Nudge theory is a concept in behavioral economics, political theory, and behavioral sciences that proposes positive reinforcement and indirect suggestions as ways to influence the behavior and decision-making of groups or individuals. Nudging contrasts with other ways to achieve compliance, such as education, legislation or enforcement.
The nudge concept was popularized in the 2008 book Nudge: Improving Decisions About Health, Wealth, and Happiness, by behavioral economist Richard Thaler and legal scholar Cass Sunstein, two American scholars at the University of Chicago. It has influenced British and American politicians. Several nudge units exist around the world at the national level (UK, Germany, Japan, and others) as well as at the international level (e.g. World Bank, UN, and the European Commission). It is disputed whether “nudge theory” is a recent novel development in behavioral economics or merely a new term for one of many methods for influencing behavior, investigated in the science of behavior analysis.
The first formulation of the term nudge and associated principles was developed in cybernetics by James Wilk before 1995 and described by Brunel University academic D. J. Stewart as “the art of the nudge” (sometimes referred to as micronudges). It also drew on methodological influences from clinical psychotherapy tracing back to Gregory Bateson, including contributions from Milton Erickson, Watzlawick, Weakland and Fisch, and Bill O’Hanlon. In this variant, the nudge is a microtargeted design geared towards a specific group of people, irrespective of the scale of intended intervention.
In 2008, Richard Thaler and Cass Sunstein’s book Nudge: Improving Decisions About Health, Wealth, and Happiness brought nudge theory to prominence. The authors refer to the influencing of behaviour without coercion as libertarian paternalism and the influencers as choice architects.
|Instructing a small child to tidy his/her room.||Playing a ‘room-tidying’ game with the child.|
|Erecting signs saying ‘no littering’ and warning of fines.||Improving the availability and visibility of litter bins.|
|Joining a gym.||Using the stairs.|
|Counting calories.||Smaller plate.|
|Weekly food shop budgeting.||Use a basket instead of a trolley.|
A nudge makes it more likely that an individual will make a particular choice, or behave in a particular way, by altering the environment so that automatic cognitive processes are triggered to favour the desired outcome.
An individual’s behaviour is not always in alignment with their intentions (a discrepancy known as a value-action gap). It is common knowledge that humans are not fully rational beings; that is, people will often do something that is not in their own self-interest, even when they are aware that their actions are not in their best interest. As an example, when hungry, people who diet often underestimate their ability to lose weight, and their intentions to eat healthy can be temporarily weakened until they are satiated.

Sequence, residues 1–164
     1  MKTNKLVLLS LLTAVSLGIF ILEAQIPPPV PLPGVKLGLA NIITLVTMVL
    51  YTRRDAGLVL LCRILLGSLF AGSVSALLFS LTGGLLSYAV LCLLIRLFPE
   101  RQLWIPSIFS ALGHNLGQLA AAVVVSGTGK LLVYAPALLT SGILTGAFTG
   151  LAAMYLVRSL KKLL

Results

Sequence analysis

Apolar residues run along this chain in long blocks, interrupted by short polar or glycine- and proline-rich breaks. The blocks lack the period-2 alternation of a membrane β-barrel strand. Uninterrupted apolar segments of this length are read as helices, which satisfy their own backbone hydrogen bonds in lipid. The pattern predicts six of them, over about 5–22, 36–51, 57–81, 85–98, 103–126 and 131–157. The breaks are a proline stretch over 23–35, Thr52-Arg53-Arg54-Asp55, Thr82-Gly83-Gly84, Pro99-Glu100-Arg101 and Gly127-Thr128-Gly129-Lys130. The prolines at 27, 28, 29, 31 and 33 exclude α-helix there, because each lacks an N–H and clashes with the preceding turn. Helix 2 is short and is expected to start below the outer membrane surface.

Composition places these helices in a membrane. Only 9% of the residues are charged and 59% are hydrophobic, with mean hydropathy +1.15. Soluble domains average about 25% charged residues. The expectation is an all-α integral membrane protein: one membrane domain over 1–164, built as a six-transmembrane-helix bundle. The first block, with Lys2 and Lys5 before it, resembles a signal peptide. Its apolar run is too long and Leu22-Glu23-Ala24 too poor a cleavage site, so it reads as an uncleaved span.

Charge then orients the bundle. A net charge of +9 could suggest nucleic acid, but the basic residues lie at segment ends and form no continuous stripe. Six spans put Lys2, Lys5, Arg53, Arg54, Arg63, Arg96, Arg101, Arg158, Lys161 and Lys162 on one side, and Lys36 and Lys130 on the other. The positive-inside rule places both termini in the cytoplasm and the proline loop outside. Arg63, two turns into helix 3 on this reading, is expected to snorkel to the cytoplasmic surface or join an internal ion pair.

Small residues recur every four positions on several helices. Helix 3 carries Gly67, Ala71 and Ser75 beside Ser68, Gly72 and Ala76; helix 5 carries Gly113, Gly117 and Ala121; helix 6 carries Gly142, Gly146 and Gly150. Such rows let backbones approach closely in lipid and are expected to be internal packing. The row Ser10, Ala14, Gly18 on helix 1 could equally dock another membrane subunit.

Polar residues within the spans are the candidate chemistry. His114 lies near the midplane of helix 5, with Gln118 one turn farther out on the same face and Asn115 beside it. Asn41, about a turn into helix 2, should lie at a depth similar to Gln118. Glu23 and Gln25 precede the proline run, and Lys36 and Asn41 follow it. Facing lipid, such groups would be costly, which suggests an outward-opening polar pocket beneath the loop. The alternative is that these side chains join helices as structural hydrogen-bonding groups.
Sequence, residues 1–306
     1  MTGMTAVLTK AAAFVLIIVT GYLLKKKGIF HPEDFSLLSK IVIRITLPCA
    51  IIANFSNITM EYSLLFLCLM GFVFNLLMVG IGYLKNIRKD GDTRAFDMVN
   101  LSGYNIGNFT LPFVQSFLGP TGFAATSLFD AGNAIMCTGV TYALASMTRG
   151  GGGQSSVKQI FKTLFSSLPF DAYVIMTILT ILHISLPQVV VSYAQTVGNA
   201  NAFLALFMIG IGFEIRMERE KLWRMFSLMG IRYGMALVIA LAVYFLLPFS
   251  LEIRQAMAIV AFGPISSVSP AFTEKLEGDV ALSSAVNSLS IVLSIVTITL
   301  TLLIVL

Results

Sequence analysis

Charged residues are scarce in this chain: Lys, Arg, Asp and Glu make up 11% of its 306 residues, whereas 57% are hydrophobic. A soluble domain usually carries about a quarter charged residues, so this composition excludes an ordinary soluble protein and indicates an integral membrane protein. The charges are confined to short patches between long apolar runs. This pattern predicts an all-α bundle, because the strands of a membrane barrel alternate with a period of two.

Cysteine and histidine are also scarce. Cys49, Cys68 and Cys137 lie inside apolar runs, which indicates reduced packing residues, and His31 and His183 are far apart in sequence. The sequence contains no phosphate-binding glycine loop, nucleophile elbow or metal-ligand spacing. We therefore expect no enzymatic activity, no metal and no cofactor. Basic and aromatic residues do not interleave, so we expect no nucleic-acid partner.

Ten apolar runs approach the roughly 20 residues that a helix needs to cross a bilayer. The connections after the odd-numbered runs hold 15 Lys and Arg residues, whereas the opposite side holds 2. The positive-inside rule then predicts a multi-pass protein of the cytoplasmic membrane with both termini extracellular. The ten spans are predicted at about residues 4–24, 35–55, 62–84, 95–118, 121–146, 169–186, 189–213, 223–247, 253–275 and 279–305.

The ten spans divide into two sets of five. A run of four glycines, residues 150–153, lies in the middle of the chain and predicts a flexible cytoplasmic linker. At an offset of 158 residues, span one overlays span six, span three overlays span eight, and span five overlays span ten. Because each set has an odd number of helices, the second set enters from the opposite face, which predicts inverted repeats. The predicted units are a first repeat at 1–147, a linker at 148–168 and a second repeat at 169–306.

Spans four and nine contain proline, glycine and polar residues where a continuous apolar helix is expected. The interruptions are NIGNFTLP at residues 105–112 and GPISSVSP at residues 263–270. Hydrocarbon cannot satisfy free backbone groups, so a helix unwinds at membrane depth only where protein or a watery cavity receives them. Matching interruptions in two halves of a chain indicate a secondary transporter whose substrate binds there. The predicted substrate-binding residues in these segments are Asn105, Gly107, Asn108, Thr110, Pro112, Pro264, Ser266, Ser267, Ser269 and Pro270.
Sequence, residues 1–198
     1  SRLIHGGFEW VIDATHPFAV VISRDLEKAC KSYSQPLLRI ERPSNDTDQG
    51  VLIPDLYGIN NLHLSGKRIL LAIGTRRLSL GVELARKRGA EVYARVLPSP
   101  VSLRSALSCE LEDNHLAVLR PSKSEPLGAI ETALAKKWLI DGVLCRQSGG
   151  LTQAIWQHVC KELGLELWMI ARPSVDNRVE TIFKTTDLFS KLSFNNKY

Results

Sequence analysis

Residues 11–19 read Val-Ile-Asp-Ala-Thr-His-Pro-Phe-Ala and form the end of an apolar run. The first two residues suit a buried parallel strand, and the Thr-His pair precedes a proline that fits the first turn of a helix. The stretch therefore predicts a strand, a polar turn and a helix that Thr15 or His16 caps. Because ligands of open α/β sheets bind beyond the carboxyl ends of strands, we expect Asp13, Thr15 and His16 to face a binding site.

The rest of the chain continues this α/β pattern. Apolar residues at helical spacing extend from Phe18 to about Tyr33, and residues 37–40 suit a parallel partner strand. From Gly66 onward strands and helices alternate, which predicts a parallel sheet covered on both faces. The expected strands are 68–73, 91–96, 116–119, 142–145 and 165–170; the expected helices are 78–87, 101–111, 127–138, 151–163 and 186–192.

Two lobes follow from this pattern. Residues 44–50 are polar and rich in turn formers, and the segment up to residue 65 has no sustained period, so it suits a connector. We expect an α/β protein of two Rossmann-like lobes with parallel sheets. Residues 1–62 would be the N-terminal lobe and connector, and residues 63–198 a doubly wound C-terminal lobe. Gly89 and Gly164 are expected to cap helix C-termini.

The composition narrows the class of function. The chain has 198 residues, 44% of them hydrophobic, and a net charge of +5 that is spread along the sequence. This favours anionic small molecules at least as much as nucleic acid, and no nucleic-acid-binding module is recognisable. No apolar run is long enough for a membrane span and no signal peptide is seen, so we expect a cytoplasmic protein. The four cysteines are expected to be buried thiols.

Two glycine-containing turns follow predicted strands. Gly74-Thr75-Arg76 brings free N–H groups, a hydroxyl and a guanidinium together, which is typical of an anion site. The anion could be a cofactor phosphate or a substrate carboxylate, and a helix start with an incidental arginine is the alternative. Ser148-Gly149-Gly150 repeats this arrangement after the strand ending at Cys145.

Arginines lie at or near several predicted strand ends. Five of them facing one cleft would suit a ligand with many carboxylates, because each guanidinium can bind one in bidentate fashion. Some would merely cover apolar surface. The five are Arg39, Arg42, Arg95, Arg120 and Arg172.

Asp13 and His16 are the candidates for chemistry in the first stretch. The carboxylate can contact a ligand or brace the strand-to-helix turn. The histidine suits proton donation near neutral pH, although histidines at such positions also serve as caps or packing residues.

Nobel Laureate Daniel Kahneman describes two distinct systems for processing information as to why people sometimes act against their own self-interest: System 1 is fast, automatic, and highly susceptible to environmental influences; System 2 processing is slow, reflective, and takes into account explicit goals and intentions. When situations are overly complex or overwhelming for an individual’s cognitive capacity, or when an individual is faced with time-constraints or other pressures, System 1 processing takes over decision-making. System 1 processing relies on various judgmental heuristics to make decisions, resulting in faster decisions. Unfortunately, this can also lead to suboptimal decisions. In fact, Thaler and Sunstein trace maladaptive behaviour to situations in which System 1 processing overrides an individual’s explicit values and goals. It is well documented that habitual behaviour is resistant to change without a disruption to the environmental cues that trigger that behaviour.
Types of nudges
Nudges are small changes in the environment that are easy and inexpensive to implement. Several different techniques exist for nudging, including defaults, social-proof heuristics, and increasing the salience of the desired option.
A default option is the option that an individual automatically receives if they do nothing. People are more likely to choose a particular option if it is the default option. For example, Pichert & Katsikopoulos (2008) found that a greater number of consumers chose the renewable energy option for electricity when it was offered as the default option.
A social-proof heuristic refers to the tendency for individuals to look at the behavior of other people to help guide their own behavior. Studies have found some success in using social-proof heuristics to nudge individuals to make healthier food choices.
When an individual’s attention is drawn towards a particular option, that option will become more salient to the individual and they will be more likely to choose that option. As an example, in snack shops at train stations in the Netherlands, consumers purchased more fruit and healthy snack options when they were relocated next to the cash register. Since then, other similar studies have been made regarding the placement of healthier food options close to the checkout counter and the effect on the consuming behavior of the customers and this is now considered an effective and well-accepted nudge.